Share Email Print
cover

Proceedings Paper

Georeferenced road extraction and formulation of hypotheses for new road segments
Author(s): Aluir Porfirio Dal Poz; Peggy Agouris
Format Member Price Non-Member Price
PDF $14.40 $18.00
cover GOOD NEWS! Your organization subscribes to the SPIE Digital Library. You may be able to download this paper for free. Check Access

Paper Abstract

The acquisition and update of Geographic Information System (GIS) data are typically carried out using aerial or satellite imagery. Since new roads are usually linked to georeferenced pre-existing road network, the extraction of pre-existing road segments may provide good hypotheses for the updating process. This paper addresses the problem of extracting georeferenced roads from images and formulating hypotheses for the presence of new road segments. Our approach proceeds in three steps. First, salient points are identified and measured along roads from a map or GIS database by an operate or an automatic tool. These salient points are then projected onto the image-space and errors inherent in this process are calculated. In the second step, the georeferenced roads are extracted from the image using a dynamic programming algorithm. The projected salient points and corresponding error estimates are used as input for this extraction process. Finally, the road center axes extracted in the previous step are analyzed to identify potential new segments attached to the extracted, pre-existing one. This analysis is performed using a combination of edge-based and correlation-based algorithms. In this paper we present our approach and early implementation results.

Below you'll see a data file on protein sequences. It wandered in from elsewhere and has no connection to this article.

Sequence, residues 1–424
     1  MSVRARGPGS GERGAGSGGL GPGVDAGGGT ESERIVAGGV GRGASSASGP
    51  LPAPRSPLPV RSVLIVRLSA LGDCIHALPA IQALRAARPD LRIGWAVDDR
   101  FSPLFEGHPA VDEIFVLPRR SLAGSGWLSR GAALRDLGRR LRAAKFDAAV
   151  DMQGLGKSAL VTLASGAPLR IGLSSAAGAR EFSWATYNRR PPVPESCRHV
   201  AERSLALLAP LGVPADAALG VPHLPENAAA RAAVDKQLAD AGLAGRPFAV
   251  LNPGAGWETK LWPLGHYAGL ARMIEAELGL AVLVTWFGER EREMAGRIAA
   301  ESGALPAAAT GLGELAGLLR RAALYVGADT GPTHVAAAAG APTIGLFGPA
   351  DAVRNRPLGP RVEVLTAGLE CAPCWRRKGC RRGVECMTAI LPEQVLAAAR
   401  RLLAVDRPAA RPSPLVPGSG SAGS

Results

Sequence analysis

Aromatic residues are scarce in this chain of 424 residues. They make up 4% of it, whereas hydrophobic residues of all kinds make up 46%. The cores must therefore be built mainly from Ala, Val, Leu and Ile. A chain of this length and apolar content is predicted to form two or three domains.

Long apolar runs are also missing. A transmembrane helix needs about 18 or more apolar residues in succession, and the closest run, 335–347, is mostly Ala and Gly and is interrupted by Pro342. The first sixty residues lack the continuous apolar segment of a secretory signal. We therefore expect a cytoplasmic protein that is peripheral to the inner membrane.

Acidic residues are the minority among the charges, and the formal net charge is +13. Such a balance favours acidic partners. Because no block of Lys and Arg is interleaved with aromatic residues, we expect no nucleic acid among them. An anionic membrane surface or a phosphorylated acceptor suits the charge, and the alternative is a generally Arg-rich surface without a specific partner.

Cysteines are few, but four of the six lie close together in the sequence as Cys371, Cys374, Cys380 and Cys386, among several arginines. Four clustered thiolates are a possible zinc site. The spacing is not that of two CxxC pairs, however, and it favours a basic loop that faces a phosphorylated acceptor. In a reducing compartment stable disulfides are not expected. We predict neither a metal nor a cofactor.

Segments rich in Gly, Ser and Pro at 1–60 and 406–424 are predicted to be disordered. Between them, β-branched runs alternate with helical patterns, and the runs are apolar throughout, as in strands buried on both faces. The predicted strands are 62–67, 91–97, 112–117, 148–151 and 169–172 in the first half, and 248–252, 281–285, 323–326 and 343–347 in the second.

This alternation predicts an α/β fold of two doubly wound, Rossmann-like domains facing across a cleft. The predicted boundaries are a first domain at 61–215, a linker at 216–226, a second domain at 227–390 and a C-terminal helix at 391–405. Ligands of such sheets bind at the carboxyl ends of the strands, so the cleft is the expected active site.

Paper Details

Date Published: 27 July 2000
PDF: 10 pages
Proc. SPIE 4054, Automated Geo-Spatial Image and Data Exploitation, (27 July 2000); doi: 10.1117/12.394106
Show Author Affiliations
Aluir Porfirio Dal Poz, Sao Paulo State Univ. (United States)
Peggy Agouris, Univ. of Maine (United States)


Published in SPIE Proceedings Vol. 4054:
Automated Geo-Spatial Image and Data Exploitation
William E. Roper; Mark K. Hamilton, Editor(s)

© SPIE. Terms of Use
Back to Top